Antique Mahogany Dutch Marquetry Bureau Bookcase c.1800
Antique Mahogany Dutch Marquetry Bureau Bookcase c.1800
Antique Mahogany Dutch Marquetry Bureau Bookcase c.1800
Antique Mahogany Dutch Marquetry Bureau Bookcase c.1800
Antique Mahogany Dutch Marquetry Bureau Bookcase c.1800
Antique Mahogany Dutch Marquetry Bureau Bookcase c.1800
Antique Mahogany Dutch Marquetry Bureau Bookcase c.1800
Antique Mahogany Dutch Marquetry Bureau Bookcase c.1800
Antique Mahogany Dutch Marquetry Bureau Bookcase c.1800
Antique Mahogany Dutch Marquetry Bureau Bookcase c.1800
Antique Mahogany Dutch Marquetry Bureau Bookcase c.1800

Antique Mahogany Dutch Marquetry Bureau Bookcase c.1800

c. 1800 Netherlands

Offered by Regent Antiques

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This is a beautiful antique Dutch marquetry cylinder bureau bookcase, circa 1800 in date.

It has been made from the finest mahogany with fabulous floral marquetry decoration of various exotic veneers, and elegant ormolu handles and mounts.

The top has two glazed doors which open to reveal two adjustable shelves and the base has three oak lined deep drawers, very useful for storage.

The cylinder fall is raised as the writing surface is pulled out, for use as a desk, and the interior has small drawers, a small cupboard and secret compartments for storing pens, papers, etc. It has an inset green leather writing surface with blind tooling.

There is a pair of pull out candle slides above the fall, so that you can work by candlelight!!

It stands on it's beautiful and original lion's paw feet.

It is a very decorative piece which would look amazing anywhere placed.

Condition:

In excellent condition having been beautifully restored in our workshops, please see photos for confirmation.


Dimensions in cm:

Height 241.5 x Width 145 x Depth 72

Dimensions in inches:

Height 95.1 x Width 57.1 x Depth 28.3
Mahogany
is probably one of the largest ‘families’ of hardwood, having many different varieties within its own species.

Mahogany has been used for centuries in ship building, house building, furniture making etc and is the core structure of just about every 19th century vanity box, dressing case or jewellery box. It became more of a Victorian trend to dress Mahogany with these decorative veneers, such as Rosewood, Kingwood, Burr Walnut and Coromandel, so that the actual Mahogany was almost hidden from view.

Mahogany itself is a rich reddish brown wood that can range from being plain in appearance to something that is so vibrant, figured and almost three dimensional in effect.

Although Mahogany was most often used in its solid form, it also provided some beautifully figured varieties of veneer like ‘Flame’ Mahogany and ‘Fiddleback’ Mahogany (named after its preferred use in the manufacture of fine musical instruments).

Marquetry
is decorative artistry where pieces of material (such as wood, mother of pearl, pewter, brass silver or shell) of different colours are inserted into surface wood veneer to form intricate patterns such as scrolls or flowers.

The technique of veneered marquetry had its inspiration in 16th century Florence. Marquetry elaborated upon Florentine techniques of inlaying solid marble slabs with designs formed of fitted marbles, jaspers and semi-precious stones. This work, called opere di commessi, has medieval parallels in Central Italian "Cosmati"-work of inlaid marble floors, altars and columns. The technique is known in English as pietra dura, for the "hardstones" used: onyx, jasper, cornelian, lapis lazuli and colored marbles. In Florence, the Chapel of the Medici at San Lorenzo is completely covered in a colored marble facing using this demanding jig-sawn technique.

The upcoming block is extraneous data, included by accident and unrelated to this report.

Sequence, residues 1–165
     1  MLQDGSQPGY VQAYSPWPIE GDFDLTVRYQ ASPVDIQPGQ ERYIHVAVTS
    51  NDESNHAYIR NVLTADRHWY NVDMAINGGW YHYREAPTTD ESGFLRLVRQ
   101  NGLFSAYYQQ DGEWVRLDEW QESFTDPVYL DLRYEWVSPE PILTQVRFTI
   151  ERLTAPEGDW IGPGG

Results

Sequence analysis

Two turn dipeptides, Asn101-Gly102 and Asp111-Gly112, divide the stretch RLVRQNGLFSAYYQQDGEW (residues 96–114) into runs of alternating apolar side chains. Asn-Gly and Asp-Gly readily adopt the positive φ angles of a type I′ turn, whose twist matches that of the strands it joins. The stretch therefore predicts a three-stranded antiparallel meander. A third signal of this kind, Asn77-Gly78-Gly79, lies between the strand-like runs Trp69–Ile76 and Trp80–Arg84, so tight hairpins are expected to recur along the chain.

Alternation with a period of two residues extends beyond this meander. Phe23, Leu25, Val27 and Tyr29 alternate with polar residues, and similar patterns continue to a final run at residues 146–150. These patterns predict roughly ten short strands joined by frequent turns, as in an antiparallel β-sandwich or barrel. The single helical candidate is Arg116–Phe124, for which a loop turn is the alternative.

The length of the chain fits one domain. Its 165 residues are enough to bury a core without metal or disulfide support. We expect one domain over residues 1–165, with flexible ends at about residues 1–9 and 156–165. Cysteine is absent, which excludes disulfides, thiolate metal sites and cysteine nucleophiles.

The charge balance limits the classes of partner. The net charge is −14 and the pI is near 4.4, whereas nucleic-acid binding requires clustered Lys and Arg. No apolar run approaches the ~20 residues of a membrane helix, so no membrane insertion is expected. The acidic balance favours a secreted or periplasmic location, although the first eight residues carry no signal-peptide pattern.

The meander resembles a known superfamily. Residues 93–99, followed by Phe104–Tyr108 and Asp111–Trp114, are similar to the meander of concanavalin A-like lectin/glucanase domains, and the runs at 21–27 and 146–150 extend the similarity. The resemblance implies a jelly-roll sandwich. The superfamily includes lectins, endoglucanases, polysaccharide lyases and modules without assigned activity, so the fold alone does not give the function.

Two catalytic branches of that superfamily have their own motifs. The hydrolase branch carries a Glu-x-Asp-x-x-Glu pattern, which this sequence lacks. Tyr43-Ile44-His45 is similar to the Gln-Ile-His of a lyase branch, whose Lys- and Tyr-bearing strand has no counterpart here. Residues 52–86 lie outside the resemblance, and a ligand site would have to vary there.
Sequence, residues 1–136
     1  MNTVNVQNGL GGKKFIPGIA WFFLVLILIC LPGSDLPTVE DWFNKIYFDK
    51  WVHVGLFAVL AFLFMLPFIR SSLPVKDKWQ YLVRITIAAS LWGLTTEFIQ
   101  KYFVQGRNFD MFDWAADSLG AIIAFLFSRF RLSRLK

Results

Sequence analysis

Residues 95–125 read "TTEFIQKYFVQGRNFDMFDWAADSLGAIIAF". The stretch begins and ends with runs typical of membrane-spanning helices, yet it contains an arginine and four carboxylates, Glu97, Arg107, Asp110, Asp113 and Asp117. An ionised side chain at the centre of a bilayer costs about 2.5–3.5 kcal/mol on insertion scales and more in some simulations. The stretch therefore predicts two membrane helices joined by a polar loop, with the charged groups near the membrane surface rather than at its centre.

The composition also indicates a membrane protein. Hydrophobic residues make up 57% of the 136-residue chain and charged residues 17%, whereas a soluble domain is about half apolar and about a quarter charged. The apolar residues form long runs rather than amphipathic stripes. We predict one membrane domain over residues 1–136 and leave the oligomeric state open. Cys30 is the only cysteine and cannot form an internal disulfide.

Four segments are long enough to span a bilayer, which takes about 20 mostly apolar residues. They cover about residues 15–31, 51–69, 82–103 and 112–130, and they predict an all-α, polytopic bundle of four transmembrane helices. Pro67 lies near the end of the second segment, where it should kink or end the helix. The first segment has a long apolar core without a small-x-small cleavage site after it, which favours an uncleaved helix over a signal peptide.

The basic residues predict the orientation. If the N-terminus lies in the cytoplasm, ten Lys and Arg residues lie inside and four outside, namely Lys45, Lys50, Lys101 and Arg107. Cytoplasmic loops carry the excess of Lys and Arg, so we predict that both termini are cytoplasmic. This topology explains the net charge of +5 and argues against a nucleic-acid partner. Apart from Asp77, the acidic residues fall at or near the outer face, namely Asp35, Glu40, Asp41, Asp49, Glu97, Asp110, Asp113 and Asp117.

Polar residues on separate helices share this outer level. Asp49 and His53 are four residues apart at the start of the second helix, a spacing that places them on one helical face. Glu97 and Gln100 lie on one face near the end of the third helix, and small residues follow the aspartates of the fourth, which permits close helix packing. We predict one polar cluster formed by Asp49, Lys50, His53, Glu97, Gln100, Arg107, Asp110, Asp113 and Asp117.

Techniques of wood marquetry were developed in Antwerp and other Flemish centers of luxury cabinet-making during the early 16th century. The craft was imported full-blown to France after the mid-seventeenth century, to create furniture of unprecedented luxury being made at the royal manufactory of the Gobelins, charged with providing furnishings to decorate Versailles and the other royal residences of Louis XIV. Early masters of French marquetry were the Fleming Pierre Golle and his son-in-law, André-Charles Boulle, who founded a dynasty of royal and Parisian cabinet-makers (ébénistes) and gave his name to a technique of marquetry employing tortoiseshell and brass with pewter in arabesque or intricately foliate designs.

Ormolu
(from French 'or moulu', signifying ground or pounded gold) is an 18th-century English term for applying finely ground, high-carat gold in a mercury amalgam to an object of bronze.The mercury is driven off in a kiln leaving behind a gold-coloured veneer known as 'gilt bronze'.

The manufacture of true ormolu employs a process known as mercury-gilding or fire-gilding, in which a solution of nitrate of mercury is applied to a piece of copper, brass, or bronze, followed by the application of an amalgam of gold and mercury. The item was then exposed to extreme heat until the mercury burned off and the gold remained, adhered to the metal object.

No true ormolu was produced in France after around 1830 because legislation had outlawed the use of mercury. Therefore, other techniques were used instead but nothing surpasses the original mercury-firing ormolu method for sheer beauty and richness of colour. Electroplating is the most common modern technique. Ormolu techniques are essentially the same as those used on silver, to produce silver-gilt (also known as vermeil).
Stock Code
05408
Regent Antiques

Regent Antiques
Manor Warehouse
318 Green Lanes
London
N4 1BX

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